Chapter 11: A practical analysis of the human rights paradox in intellectual property law: Russian Roulette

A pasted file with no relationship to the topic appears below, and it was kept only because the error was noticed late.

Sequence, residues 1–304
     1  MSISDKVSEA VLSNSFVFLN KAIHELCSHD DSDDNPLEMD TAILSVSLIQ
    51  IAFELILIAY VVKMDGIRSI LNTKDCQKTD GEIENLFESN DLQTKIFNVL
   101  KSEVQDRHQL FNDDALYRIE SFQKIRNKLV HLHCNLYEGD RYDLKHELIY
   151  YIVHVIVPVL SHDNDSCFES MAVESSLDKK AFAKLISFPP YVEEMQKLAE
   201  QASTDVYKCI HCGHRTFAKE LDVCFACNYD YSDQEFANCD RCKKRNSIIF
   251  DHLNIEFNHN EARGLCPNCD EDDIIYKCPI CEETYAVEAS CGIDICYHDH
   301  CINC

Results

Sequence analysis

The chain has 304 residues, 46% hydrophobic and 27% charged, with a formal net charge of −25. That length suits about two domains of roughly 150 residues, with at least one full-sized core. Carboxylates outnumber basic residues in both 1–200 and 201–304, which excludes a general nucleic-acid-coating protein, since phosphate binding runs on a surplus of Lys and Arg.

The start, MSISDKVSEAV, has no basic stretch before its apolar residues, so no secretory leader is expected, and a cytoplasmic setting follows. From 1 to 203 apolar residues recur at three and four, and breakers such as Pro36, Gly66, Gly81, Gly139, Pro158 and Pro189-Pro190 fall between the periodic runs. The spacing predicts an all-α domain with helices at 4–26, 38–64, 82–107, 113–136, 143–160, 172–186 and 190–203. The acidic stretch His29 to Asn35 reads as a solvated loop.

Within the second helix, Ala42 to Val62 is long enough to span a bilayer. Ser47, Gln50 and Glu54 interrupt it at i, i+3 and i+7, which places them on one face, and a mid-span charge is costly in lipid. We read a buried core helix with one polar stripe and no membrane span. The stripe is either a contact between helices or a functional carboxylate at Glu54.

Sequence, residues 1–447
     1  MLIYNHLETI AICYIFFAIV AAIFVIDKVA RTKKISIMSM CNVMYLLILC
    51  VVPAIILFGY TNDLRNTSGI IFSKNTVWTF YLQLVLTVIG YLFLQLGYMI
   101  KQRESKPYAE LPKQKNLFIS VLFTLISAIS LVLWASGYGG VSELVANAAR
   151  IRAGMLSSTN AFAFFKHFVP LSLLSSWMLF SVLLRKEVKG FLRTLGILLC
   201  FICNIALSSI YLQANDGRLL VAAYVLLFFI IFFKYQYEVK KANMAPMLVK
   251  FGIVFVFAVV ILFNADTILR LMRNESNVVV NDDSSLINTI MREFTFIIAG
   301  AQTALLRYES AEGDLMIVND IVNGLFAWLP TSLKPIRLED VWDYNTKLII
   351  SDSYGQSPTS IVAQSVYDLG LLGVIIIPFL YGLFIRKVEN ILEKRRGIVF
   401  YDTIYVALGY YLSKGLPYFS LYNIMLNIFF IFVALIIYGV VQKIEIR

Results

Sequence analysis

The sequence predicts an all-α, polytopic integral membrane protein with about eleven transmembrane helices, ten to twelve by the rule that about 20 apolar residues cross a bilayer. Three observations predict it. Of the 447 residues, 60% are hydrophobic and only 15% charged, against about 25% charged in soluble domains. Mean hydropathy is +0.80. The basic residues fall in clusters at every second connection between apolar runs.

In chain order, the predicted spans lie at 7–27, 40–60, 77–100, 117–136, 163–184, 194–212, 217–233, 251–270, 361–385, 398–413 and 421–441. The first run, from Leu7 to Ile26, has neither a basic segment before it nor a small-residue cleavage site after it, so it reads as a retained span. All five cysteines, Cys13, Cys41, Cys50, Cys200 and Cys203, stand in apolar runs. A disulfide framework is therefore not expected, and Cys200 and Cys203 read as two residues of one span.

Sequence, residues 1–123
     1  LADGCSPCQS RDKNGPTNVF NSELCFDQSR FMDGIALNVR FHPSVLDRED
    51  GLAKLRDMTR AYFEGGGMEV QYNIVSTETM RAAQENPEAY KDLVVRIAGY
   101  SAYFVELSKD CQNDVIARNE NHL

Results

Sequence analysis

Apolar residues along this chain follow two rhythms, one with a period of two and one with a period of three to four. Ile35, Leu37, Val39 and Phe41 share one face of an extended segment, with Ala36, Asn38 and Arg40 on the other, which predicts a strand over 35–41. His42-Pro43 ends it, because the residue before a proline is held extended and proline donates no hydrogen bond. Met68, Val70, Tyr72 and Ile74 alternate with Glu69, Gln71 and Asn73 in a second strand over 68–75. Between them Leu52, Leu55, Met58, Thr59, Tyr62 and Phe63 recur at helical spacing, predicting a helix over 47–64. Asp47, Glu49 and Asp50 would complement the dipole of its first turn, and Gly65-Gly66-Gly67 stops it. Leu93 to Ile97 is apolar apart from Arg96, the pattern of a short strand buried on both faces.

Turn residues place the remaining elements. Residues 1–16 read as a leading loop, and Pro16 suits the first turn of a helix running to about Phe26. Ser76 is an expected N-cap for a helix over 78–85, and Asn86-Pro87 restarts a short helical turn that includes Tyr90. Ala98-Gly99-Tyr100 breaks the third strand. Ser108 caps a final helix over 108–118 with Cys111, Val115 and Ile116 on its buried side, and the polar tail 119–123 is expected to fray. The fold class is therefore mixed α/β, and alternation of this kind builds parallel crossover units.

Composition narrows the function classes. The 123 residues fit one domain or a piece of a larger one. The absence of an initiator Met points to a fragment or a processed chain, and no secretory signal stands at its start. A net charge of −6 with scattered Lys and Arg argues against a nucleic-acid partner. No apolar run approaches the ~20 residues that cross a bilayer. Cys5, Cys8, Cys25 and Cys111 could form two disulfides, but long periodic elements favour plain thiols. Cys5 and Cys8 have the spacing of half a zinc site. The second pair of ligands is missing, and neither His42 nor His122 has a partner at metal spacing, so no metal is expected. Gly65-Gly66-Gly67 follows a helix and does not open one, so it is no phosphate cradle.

1 Charlotte Waelde* and Abbe E.L. Brown** 1. INTRODUCTION2 Exploration of the relationship between intellectual property (‘IP’) and human rights which were at least once strange bedfellows3 has been steadily increasing in both academic and activist fields. The CIER Utrecht event ‘The Human Rights Paradox in Intellectual Property Law’ is a welcome contribution to this debate. However, to the same extent that the relationship between IP and human rights is relevant to addressing legal and practical problems, so is consideration of the interaction of these fields with still others, most notably competition and contract law. The purpose of this chapter is to: • describe a research project at the AHRC (Arts and Humanities Research Council) Research Centre for Studies in Intellectual Property and Technology Law at the University of Edinburgh (‘the Centre’) examining 1 This chapter is based on a paper delivered at the conference ‘The Human Rights Paradox in Intellectual Property’ held at the University of Utrecht, the Netherlands, 3 and 4 July 2006. The authors are grateful to all organisers and participants. * Professor, School of Law, University of Edinburgh and Co-Director AHRC Research Centre for Studies in Intellectual Property and Technology Law. ** Lecturer, School of Law, University of Edinburgh and Associate, AHRC Research Centre for Studies in Intellectual Property and Technology Law. 2 As is apparent from the body of the text, this chapter draws heavily from the meetings of the Intellectual Property, Competition and Human Rights Network of the Centre. The authors are most grateful to all participants...
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